The Keys to Forging Farm Success

Number one: Turn values into action.

We look at our businesses and search for ways to improve, to get the edge, to grow the operation into more of what we want it to be. This takes a number of right behaviors. This week I'm going to start down a path of revealing what we at Water Street Solutions believe those behaviors to be. I think you'll find a nugget or two that you can use to bring about results.

What I've seen working with farmers is that the best decision-makers use their clearly defined values - those things that are very important to them - to guide their decisions. They have taken the time needed to identify their personal and professional values, and turned them into action. Core values are the cornerstones to everything that we do and create in our lives. 

Think about what we see in the news with politicians and business leaders. A scandal breaks out and resulting action is taken. Decisions and lives may be moved forward without deliberate adherence to core values. We thought their character was solid but soon realize it was built on sand. There were shaky values at best, and they were not likely considered as a guiding factor.

Agriculture is different. Values are still visible and in the forefront. But here's the challenge with something that's so apparent. Values are like electricity. How many people think about electricity and are amazed by it every time they turn the lights on? Not many, right? We think about electricity when the power goes out. We're crippled by its absence.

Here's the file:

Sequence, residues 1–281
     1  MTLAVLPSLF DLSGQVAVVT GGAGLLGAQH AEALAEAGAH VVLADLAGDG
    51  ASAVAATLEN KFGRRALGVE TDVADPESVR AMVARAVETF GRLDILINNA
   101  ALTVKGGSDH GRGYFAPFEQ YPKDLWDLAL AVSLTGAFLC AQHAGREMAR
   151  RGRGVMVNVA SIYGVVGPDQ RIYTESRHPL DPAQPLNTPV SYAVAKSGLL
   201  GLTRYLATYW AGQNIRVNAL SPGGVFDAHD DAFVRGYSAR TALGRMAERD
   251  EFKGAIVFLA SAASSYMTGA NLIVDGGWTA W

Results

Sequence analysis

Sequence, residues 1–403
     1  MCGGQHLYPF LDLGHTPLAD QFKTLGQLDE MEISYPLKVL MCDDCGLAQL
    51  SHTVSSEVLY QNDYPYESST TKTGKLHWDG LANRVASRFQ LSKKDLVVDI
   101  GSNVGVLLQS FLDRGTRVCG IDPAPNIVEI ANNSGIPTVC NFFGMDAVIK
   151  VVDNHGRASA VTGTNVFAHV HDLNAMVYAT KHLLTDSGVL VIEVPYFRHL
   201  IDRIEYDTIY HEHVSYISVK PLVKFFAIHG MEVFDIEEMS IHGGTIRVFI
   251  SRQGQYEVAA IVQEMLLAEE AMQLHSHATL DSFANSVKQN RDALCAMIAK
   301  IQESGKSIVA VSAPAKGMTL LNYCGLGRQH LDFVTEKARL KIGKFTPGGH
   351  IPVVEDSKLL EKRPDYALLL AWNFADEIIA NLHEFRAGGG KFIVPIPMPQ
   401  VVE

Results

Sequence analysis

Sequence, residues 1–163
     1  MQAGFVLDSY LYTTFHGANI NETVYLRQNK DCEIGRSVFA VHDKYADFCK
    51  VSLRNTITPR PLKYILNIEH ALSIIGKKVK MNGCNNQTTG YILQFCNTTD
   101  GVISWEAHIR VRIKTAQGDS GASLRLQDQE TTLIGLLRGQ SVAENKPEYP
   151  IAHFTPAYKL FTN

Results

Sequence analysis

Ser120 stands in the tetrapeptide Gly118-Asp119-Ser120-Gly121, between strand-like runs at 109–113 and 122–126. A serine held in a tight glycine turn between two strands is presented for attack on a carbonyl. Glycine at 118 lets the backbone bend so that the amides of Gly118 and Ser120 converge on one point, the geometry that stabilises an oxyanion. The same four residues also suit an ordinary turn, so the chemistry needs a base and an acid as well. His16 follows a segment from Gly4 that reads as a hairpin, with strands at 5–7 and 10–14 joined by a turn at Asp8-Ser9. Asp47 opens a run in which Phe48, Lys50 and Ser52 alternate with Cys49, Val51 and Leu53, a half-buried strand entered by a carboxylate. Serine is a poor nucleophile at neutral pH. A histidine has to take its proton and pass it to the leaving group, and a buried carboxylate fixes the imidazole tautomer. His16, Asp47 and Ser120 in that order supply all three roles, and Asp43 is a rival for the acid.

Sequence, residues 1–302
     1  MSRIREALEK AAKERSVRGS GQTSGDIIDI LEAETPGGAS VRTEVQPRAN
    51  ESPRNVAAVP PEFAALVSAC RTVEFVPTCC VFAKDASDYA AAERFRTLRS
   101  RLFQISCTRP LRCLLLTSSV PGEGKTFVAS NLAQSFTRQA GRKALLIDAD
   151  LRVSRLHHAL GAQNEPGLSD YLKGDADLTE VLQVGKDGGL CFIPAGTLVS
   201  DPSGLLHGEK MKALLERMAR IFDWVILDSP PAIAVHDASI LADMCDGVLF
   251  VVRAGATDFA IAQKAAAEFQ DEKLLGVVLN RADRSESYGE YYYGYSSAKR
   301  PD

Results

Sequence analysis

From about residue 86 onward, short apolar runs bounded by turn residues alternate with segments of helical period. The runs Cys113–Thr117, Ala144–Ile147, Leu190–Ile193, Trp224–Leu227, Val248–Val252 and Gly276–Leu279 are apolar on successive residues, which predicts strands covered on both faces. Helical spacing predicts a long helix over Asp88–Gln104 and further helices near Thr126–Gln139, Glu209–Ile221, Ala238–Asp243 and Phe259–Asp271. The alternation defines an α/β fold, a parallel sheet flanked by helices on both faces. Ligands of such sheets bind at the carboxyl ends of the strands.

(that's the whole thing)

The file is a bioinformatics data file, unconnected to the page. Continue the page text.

Values may be so apparent to us that we need to stop occasionally and do some digging. We should step back and specifically identify them. A simple way to bring your values to light is this: Think about things others do that frustrate you. The flip side of that irritation likely reveals something that is one of your values. 

Once we identify our values and apply them to the decisions in life, many things come into focus, such as who we will do business with. We can see clearly to the bottom of each decision. This behavior is what I have observed in farmers who are more at peace, less caught up in the details and less frustrated. They know their values. 

If you want to work on your values, schedule a time by yourself, with your spouse, or with your partner in the operation. Ask these questions to begin your thought process, "What are the things that we're passionate about?" "What are the things that are important to us?" The list could be three to five things. Don't come up with too many or you will lose focus.

Write them down. Share them. Then make them come alive. 

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